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Objectivity in Social Research

 
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About this Course

About the Course

In this course, Professor Martyn Hammersley (The Open University) explores the concept of objectivity within sociology and social research. In the first lecture, we think about the development of the concept from the early twentieth century and some key questions associated with it. In the second lecture, we examine Max Weber’s notion of value freedom. In the third lecture, we look at the objectivist version of objectivity as the adoption of standardised, replicable research methods. Next, we consider Alvin Gouldner’s critique of value freedom and his idea of objective partisanship. In the fifth lecture, we review standpoint epistemology through Sandra Harding’s work on strong objectivity. In the sixth lecture, we explore arguments that reject objectivity in its entirety. In the seventh and final lecture, we conclude with a summary of key debates.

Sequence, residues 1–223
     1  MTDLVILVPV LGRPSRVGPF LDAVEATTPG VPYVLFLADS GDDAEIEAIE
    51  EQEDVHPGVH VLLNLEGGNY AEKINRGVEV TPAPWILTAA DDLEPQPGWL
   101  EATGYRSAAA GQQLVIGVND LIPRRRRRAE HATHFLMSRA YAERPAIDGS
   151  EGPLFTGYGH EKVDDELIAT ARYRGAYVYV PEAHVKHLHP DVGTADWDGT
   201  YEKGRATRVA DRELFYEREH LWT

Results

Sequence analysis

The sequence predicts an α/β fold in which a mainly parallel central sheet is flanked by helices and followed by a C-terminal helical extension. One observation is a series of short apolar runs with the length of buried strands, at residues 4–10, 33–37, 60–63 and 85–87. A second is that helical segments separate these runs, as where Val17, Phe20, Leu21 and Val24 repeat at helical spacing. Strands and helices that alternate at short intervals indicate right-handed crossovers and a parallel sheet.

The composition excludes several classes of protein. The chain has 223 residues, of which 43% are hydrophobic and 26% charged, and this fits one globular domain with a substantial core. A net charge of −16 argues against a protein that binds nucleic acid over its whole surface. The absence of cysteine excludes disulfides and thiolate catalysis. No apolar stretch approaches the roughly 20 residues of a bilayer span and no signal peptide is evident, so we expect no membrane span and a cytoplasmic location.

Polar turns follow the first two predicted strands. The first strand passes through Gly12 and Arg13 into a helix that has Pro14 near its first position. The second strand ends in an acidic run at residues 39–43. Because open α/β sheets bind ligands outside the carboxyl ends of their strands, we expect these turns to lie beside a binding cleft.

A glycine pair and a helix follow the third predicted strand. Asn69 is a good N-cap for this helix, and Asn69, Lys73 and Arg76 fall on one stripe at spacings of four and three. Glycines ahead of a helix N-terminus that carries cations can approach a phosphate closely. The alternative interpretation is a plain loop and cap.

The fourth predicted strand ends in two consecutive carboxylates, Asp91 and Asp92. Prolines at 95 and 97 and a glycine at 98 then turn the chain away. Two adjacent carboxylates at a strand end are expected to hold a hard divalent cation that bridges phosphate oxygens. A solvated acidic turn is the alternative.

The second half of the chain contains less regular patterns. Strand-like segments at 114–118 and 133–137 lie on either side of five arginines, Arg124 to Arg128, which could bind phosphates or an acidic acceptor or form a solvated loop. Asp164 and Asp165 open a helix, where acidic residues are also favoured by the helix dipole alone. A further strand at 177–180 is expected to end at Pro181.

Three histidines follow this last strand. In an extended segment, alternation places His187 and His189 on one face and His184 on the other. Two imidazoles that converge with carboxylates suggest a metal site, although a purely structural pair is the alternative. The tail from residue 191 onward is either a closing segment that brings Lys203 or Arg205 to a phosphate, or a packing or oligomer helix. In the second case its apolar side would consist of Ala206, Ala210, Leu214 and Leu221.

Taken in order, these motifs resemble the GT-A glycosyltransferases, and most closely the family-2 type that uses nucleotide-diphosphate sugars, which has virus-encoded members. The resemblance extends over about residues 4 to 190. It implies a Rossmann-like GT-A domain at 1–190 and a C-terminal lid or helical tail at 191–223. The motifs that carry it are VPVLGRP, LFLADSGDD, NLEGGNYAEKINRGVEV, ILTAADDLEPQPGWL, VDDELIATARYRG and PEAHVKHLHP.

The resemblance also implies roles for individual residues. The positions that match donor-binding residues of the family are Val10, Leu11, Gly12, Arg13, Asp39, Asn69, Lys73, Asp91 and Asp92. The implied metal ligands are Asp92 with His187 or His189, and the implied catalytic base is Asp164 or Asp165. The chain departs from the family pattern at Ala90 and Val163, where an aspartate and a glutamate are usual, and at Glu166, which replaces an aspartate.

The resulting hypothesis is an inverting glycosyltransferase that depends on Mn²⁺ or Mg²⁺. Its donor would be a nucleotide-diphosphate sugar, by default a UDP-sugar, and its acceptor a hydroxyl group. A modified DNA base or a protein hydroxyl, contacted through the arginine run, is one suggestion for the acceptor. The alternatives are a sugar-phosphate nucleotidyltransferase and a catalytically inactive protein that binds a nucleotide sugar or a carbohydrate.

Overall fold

About the Lecturer

Professor Martyn Hammersley is Emeritus Professor of Educational and Social Research at the Open University. His work focuses on issues in sociological research methods, particularly relating to objectivity and bias. His recent publications include The Concept of Culture: A History and Reappraisal (2019), The Radicalism of Ethnomethodology: An Assessment of Sources and Principles (2018) and The Limits of Social Science: Causal Explanation and Value Relevance (2014).

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